Danche Chelbesa Carbonic Maceration
Introducing our first carbonic maceration processed coffee
Region: Uraga, Guji
Process: Carbonic Maceration
Tropical fruit, raspberry, rosewater and jasmine
Info & Process
We're very excited to introduce our first carbonic maceration processed coffee, produced by the very capable hands of SNAP coffee. The carbonic maceration process involves fermenting the freshly-harvested coffee cherries in an anaerobic environment (without oxygen) for 30-60 hours. This results in an incredible development of the flavors in the coffee!
We were amazed at the strong jasmine aroma emanating from the freshly brewed Danche Chelbesa when we first sampled it. It is perhaps our most vibrantly flavor-forward coffee to date. We hope you enjoy!
Immediately following harvest, these cherries spend 60-90 hours fermenting in an anaerobic environment, in water. Once the whole cherries have fermented sufficiently, the water is released and the cherry is sent for depulping and a light washing. After this, the coffee is dried on raised beds for 10-14 days. Read more about carbonic maceration below!
If you're wondering if Danche Chelbesa is somehow related to Worka Chelbesa, your impulse is correct! Both coffees are from the kebele, or community, of Worka Chelbesa, located high in the mountains of the Gedeb region of Ethiopia. The area has risen to prominence over the last decade. This is in large part why Negussie Debela (founder of SNAP) decided to invest in processing stations here when he entered the Ethiopian coffee scene in 2016.
This coffee is our second in a new series of exceptional quality or interesting variety / processing methods for which we have introduced a brand new blue label to our Canyon family! The first coffee was our Luís Herrera natural gesha.
What is Carbonic Maceration?
All coffee processing involves a period of fermentation.
This aids in the process of removing the seeds from the fruits of the cherry, and can also contribute to flavor. The carbonic maceration technique used at Danche Chelbesa is similar to how some carbonic natural wines are produced, particularly in the Beaujolais region of France. As applied in Ethiopia, this method involves submerging whole coffee cherries in water under weighted screens. Some cherries at the bottom of the pile are crushed in the process, and the yeast released from these cherries produces the subsequent fermentation.
The Danche Chelbesa cherries spend 60-90 hours in the water. Once the whole cherries have fermented sufficiently, the water is released and the cherry is sent for depulping and a light washing. After this, the coffee is dried on raised beds for 10-14 days.
As with Beaujolais and other "natural" wines, this style of carbonic maceration is known for rounding out the citric acidity, but also bringing complex fruit notes forward without some of the wilder fruit notes found in natural processing.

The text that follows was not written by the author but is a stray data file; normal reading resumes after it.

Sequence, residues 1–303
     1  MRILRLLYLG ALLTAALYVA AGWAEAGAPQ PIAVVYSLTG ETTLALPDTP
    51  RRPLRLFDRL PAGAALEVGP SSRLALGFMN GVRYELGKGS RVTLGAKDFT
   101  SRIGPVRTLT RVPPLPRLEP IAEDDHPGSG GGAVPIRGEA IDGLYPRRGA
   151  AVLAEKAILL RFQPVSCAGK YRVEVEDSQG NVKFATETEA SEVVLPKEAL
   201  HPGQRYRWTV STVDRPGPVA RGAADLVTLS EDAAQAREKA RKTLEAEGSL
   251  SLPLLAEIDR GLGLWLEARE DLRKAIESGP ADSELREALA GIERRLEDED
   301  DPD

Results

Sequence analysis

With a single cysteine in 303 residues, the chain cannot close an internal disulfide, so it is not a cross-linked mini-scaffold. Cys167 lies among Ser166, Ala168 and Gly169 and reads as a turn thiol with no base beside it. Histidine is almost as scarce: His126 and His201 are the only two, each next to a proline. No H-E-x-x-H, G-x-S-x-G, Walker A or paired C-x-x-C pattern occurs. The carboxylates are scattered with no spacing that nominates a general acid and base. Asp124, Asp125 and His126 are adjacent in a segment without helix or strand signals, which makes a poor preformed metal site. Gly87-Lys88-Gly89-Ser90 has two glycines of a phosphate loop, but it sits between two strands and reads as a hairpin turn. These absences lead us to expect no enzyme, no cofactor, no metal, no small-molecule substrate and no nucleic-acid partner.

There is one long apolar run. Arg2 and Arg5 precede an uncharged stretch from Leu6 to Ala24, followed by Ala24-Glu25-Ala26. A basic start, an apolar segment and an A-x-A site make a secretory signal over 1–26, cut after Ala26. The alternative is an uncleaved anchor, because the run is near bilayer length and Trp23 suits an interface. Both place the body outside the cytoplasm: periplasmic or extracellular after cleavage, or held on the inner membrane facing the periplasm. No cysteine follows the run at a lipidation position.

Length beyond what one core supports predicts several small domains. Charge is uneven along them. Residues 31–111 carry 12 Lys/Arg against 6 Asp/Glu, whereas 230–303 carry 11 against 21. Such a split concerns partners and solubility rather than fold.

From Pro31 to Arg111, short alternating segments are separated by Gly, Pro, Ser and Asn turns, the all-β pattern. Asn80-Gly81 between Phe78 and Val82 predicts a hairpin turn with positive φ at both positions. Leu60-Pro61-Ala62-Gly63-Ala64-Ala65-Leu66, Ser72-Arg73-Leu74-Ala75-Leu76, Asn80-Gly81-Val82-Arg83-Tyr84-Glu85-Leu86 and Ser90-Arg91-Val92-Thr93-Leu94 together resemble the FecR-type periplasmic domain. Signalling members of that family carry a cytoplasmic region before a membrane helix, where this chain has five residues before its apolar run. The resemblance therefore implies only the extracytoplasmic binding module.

What's "natural process" in coffee?
The natural process is the oldest method of processing coffee. In this process, once the cherries are harvested, they are set out to dry in the sun—fruit and all. To ensure quality, the cherries are carefully monitored. They’re often raked to promote even drying, and covered at night or when it rains. Once the cherry’s moisture level has diminished to around 11%, the cherries are depulped (usually through a machine), sorted by size and weight, and packed up into GrainPro sacks to be transported to roasters like us!
This is in contrast to "washed" process — the other most common way to process coffee. In washed coffee, cherries are typically depulped right after harvest. This removes most, but not all, of the fruit body and mucilage surrounding the seeds (popularly referred to as "beans"). What remains is then fermented, before being washed again to remove the remaining fruit body from the seeds. The seeds, having now been completely removed from and cleaned of fruit body and mucilage, are commonly set out to dry on patios.
Both of these processes vary greatly across countries, regions and processing stations. Differences have largely to do with what works best for a given climate, and the hard costs involved in building and operating processing stations. However, good processing is a critical component of producing great coffee. It determines how the flavors of the coffee will come out, as well as how the coffee will hold up and age over time prior to roasting.
About the Producer
SNAP Coffee was founded by Negussie Debela, an Ethiopian entrepreneur who had been known for his success in the computer / digital industries prior to coffee. In 2016, Negussie was in Minnesota when he had a pour over of an Ethiopian coffee at a specialty coffee shop. Amazed by the quality, he decided to get into the coffee industry.
He returned to Ethiopia and dove in wholeheartedly, with a goal of becoming one of the best quality exporters of coffee in Ethiopia. He began by touring coffee regions and studying farming and processing, and then enlisting the help of Abenezer Asafaw, a young coffee professional, as his quality and coffee manager.
Together, they began managing coffee processing sites around Nensebo, Yirgacheffe, and Guj, bought land to build their own processing sites, and in 2019, they completed their own dry mill.